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  • 18 November 2013 08:38

Teleworking: Corporate Australia’s Unrealised Potential

Sydney, Australia, November 18, 2013 – Teleworking, the established approach to flexible working where employers provide their staff the option to work routinely away from the office, such as from home, remains ineffectively used by most companies in Australia, according to Logicalis.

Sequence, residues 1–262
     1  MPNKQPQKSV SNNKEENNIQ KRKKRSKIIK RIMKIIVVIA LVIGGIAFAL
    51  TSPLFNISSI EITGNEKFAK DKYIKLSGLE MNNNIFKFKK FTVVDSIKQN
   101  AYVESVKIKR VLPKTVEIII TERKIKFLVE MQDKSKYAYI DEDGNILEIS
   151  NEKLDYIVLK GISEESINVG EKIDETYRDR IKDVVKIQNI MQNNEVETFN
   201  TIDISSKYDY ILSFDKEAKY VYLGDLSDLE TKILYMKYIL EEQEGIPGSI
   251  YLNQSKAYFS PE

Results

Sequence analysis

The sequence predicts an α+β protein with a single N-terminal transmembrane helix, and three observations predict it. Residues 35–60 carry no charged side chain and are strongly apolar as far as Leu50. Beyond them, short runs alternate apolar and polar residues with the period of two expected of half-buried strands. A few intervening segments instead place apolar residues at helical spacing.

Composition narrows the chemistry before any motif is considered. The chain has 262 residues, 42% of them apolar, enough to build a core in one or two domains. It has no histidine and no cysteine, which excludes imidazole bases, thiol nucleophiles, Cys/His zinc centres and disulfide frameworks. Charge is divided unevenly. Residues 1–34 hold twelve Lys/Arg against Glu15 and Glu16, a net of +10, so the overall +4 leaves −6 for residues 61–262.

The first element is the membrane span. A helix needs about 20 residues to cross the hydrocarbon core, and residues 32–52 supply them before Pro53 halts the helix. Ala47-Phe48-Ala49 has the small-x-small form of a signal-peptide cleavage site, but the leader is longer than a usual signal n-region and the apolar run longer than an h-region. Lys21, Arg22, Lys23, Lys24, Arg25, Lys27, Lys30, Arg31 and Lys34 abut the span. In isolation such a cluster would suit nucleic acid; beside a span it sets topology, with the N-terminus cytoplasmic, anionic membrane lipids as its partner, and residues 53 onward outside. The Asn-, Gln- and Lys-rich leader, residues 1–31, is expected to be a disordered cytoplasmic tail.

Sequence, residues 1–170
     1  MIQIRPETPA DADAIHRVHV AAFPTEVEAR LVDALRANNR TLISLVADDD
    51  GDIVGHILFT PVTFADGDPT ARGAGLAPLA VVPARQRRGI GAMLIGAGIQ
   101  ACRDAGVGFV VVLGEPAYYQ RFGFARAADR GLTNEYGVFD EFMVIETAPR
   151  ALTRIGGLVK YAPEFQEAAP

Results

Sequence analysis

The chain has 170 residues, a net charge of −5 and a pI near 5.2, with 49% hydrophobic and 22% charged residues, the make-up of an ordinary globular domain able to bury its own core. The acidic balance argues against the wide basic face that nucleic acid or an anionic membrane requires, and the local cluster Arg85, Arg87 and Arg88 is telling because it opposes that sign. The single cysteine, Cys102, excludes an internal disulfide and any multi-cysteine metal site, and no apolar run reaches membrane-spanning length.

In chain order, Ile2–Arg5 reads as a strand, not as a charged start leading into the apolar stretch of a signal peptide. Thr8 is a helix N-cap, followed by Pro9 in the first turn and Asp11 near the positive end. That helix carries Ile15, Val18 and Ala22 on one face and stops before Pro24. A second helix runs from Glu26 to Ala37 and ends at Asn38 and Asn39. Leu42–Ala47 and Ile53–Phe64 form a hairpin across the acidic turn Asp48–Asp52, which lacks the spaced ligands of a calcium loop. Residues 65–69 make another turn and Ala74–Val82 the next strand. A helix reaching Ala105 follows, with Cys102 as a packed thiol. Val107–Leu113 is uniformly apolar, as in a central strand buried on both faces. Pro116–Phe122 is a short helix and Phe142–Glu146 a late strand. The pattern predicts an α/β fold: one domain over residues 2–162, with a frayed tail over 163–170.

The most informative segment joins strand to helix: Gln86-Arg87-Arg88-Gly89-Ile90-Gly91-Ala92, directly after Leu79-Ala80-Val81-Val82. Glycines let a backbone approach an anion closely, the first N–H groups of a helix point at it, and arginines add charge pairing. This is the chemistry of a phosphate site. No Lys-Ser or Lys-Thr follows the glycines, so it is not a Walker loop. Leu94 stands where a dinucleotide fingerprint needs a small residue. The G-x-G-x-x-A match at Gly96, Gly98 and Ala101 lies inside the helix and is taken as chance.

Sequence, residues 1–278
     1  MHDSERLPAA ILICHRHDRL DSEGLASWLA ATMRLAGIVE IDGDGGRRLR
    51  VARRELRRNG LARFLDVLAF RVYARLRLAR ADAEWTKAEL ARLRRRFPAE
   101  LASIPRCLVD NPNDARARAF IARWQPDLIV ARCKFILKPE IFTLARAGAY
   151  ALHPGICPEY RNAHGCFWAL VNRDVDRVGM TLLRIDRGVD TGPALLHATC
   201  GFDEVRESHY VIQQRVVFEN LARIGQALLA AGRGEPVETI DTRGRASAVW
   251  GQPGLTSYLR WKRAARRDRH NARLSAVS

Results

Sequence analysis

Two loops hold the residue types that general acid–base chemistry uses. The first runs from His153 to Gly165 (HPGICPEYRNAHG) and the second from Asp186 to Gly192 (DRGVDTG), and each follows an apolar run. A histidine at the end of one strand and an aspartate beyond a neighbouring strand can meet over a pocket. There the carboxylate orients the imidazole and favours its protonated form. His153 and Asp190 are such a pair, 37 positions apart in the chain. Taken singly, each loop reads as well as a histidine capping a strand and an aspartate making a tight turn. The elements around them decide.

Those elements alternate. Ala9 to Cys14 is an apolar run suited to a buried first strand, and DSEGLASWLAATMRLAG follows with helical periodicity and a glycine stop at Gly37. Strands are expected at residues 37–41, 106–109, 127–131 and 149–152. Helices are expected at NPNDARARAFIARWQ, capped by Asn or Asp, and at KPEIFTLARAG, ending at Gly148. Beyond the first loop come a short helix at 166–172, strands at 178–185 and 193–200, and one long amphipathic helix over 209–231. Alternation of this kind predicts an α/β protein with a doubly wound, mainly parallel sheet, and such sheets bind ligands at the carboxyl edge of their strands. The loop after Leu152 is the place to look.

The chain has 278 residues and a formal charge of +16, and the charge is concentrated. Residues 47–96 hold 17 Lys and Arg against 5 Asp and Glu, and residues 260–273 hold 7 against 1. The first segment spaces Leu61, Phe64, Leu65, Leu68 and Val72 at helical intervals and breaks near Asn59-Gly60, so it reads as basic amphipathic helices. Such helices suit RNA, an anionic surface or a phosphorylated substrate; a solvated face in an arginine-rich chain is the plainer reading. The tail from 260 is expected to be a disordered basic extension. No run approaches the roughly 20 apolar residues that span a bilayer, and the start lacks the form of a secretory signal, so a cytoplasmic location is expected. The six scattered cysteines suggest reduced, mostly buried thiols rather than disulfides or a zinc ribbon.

The company says that most companies are forming bad habits in assuming that teleworking consists solely of a laptop, a broadband connection and some form of remote access. It goes on to say that without a structured approach and the correct connectivity, collaboration tools and physical workplace environment, employers risk undermining the productivity benefits of teleworking and leaving staff disengaged and inefficient. In advance of National Telework Week, the Government-led initiative which takes place November 18-22, Logicalis and Cisco, members of the National Telework Advisory Panel and contributors to the development of the Department of Communications Teleworking Toolkit, have released a a Guide to Teleworking Technologies as a free ebook. Intended for business managers, HR strategists and non-IT types, the Guide provides an introductory overview and explanation of the role that technology plays in enabling productive teleworking, the essential needs of teleworkers beyond broadband, the various options that exist and the fundamentals of delivering tomorrow’s workplace via a flexible working strategy. According to research undertaken by the Institute for a Broadband Enabled Society (IBES) at the University of Melbourne, productivity gains from telework are closely linked to the availability and use of adequate technology to enable and support telework, and enable employees to work seamlessly from virtually anywhere.1 A recent “TransTasman Telework Survey”2 undertaken by the University of Melbourne’s Institute for a Broadband-Enabled Society and AUT University’s NZ Work Research Institute, and commissioned by Cisco found that most participating organisations failed to engage in any form of cost benefit analysis relating to telework, or seek to measure the positive benefits of this mode of working. It also found that the majority of organisations did not have a formal telework policy despite the finding that teleworkers exhibit increased levels of productivity, wellbeing and job satisfaction compared to non-teleworkers ((7-11%). “The benefits of teleworking are real but for these benefits to be realised there needs to be organisation-wide adaptation and a shift in attitudes and perception of teleworkers. Employers and employees must work together to develop a formalisation of the teleworking policies to ensure the power of the digital economy is truly harnessed,” said Tim Fawcett, general manager of government affairs & policy for Cisco Australia and New Zealand. “Technology alone is not the answer, it's the combination of people, processes & policies and the technology infrastructure that deliver productivity,” said Ian Ross, Strategic Solutions Director at Logicalis Australia. “Effective teleworking is a cross-organisation initiative that must consider the needs to remote workers as well as those still in the office. It needs to look not only how employees connect, but also how workflows occur, how staff communicate and how the social interaction of work can be effectively synthesised across separate locations.” Download a free copy of Logicalis' Guide to Teleworking Technologies ebook to learn more about the technology options for an effective strategy for teleworking, which includes connectivity, collaboration tools and the physical workplace environment.

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